Yesterday, the Consumer Financial Protection Bureau (“CFPB”) announced new consumer protection rules and disclosures for the prepaid market. This has been a growing area of lending over the last several years, and it has been a stated area of focus for the CFPB. The prepaid products covered by the rules are wide-ranging and extensive:
- Traditional plastic prepaid cards;
- Mobile and other electronic prepaid accounts that can store funds;
- Payroll cards;
- Certain federal, state, and local government benefit cards such as those used to distribute unemployment insurance, child support, and pension payments;
- Student financial aid disbursement cards;
- Tax refund cards; and
- Peer-to-peer payment products.
The proposed rule extends to three major areas: prepaid account protections, disclosure of fees, and credit protections.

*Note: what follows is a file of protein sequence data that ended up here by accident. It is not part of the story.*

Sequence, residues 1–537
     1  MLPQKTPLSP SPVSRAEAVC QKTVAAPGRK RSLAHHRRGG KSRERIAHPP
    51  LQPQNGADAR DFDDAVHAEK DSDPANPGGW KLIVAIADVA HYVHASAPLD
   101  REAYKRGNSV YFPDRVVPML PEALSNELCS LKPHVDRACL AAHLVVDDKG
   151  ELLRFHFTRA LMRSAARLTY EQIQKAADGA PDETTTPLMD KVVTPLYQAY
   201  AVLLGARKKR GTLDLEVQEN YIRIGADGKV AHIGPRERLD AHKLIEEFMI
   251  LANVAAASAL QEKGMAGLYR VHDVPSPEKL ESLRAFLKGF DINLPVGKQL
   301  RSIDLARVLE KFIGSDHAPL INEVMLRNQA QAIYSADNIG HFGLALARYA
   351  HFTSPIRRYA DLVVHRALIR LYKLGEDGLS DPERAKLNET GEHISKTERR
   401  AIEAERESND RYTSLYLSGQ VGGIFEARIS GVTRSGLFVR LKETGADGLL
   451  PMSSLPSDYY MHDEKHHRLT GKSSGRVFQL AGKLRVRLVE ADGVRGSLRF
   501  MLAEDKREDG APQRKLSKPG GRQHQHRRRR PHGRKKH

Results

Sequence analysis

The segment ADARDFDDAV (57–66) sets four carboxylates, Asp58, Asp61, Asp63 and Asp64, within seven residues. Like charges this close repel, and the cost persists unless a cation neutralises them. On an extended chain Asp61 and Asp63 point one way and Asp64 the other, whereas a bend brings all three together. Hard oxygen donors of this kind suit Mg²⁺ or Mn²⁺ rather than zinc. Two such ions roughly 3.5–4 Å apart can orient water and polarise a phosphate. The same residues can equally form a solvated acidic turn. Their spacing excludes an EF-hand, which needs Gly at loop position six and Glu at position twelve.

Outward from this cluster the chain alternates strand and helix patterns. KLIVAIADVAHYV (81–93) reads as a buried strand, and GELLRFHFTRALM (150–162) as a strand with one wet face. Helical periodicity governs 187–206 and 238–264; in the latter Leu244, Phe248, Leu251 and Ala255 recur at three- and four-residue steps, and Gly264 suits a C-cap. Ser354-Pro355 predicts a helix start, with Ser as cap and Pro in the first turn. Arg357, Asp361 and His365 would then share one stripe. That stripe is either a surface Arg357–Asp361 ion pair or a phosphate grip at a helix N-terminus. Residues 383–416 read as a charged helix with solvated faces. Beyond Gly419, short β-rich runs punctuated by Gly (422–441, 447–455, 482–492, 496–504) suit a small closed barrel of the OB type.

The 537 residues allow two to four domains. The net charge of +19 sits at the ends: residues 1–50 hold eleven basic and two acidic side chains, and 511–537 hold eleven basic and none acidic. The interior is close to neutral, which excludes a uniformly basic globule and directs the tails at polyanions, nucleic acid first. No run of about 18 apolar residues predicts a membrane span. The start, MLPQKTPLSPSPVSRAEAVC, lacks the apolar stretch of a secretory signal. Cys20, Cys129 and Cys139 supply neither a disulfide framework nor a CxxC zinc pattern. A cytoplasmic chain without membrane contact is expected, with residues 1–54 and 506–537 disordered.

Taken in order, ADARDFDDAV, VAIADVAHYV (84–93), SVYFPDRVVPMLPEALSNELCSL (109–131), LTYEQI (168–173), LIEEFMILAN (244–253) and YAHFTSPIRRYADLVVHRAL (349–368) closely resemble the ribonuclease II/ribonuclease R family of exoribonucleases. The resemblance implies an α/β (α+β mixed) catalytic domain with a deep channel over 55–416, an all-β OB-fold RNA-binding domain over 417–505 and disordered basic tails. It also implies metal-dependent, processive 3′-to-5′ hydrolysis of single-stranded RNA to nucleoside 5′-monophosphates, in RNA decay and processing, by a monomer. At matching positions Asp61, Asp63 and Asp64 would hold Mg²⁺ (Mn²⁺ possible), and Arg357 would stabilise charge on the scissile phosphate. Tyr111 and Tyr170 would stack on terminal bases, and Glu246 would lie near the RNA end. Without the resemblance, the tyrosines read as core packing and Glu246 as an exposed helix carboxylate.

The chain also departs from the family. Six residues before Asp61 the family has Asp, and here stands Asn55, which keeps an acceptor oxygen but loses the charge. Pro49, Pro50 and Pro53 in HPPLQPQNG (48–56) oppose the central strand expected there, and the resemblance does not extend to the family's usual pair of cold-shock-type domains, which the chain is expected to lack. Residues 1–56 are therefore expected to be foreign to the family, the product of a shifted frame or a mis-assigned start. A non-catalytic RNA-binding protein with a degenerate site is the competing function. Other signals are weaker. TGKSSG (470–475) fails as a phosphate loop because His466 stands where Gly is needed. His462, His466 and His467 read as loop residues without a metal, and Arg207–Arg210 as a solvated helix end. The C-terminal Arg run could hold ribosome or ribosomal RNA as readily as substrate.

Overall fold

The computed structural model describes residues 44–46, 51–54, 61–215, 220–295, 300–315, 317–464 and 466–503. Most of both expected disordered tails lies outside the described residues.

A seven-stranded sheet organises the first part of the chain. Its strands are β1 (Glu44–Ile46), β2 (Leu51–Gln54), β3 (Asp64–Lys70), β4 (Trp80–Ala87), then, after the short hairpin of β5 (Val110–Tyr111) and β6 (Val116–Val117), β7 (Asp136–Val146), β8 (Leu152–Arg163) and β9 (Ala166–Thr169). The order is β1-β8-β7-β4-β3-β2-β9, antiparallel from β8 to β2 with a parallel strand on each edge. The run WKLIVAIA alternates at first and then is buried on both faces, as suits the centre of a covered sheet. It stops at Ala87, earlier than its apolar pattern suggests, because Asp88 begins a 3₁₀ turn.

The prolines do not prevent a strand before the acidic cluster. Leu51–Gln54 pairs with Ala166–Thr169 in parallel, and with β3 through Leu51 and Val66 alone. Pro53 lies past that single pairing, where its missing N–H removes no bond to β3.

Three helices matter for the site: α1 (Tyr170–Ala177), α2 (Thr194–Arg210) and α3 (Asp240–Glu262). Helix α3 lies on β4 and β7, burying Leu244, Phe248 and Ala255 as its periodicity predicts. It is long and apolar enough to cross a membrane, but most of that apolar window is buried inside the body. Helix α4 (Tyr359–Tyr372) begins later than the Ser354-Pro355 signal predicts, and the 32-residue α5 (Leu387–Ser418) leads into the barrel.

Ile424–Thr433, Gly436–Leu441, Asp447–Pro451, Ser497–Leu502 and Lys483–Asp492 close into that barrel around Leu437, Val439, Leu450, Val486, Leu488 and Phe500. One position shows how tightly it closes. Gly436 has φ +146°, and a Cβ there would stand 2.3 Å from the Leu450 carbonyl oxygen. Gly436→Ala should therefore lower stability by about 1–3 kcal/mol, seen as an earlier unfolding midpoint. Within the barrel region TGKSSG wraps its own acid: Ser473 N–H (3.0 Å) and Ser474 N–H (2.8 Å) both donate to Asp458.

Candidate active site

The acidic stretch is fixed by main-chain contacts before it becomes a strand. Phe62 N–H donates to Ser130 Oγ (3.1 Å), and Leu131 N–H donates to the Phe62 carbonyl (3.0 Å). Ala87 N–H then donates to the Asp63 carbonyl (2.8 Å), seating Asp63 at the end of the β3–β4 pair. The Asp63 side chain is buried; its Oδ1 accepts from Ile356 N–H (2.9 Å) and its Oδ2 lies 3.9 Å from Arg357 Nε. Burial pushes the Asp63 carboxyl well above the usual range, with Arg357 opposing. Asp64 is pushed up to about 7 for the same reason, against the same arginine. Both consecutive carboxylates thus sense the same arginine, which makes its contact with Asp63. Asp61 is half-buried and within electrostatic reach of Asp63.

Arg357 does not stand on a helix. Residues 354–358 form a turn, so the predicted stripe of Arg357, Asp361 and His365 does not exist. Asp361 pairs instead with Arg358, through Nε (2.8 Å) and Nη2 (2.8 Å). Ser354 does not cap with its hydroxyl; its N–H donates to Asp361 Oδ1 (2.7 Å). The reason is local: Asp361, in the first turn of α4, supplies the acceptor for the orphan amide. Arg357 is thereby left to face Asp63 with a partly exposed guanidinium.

First, many consumers use prepaid accounts as an alternative to checking accounts, and the proposed rule creates requirements for accessing account information, error resolution rights, and fraud and lost-card protection.
Second, the proposed rule includes short and long-form required disclosures, as well as a provision requiring publicly available card agreements.
Finally, the rule would expand the protections that credit card holders have under TILA, including big changes related to products that allow consumers to pay to spend more than they have deposited into the account.
Many institutions, large and small, have ventured into this arena, and the CFPB reports that the amount consumers loaded onto “general purpose” reloadable cards grew from under $1 billion in 2003 to $65 billion in 2013. Review the proposed rule, consider commenting, and please direct any questions to Spilman or other knowledgeable counsel.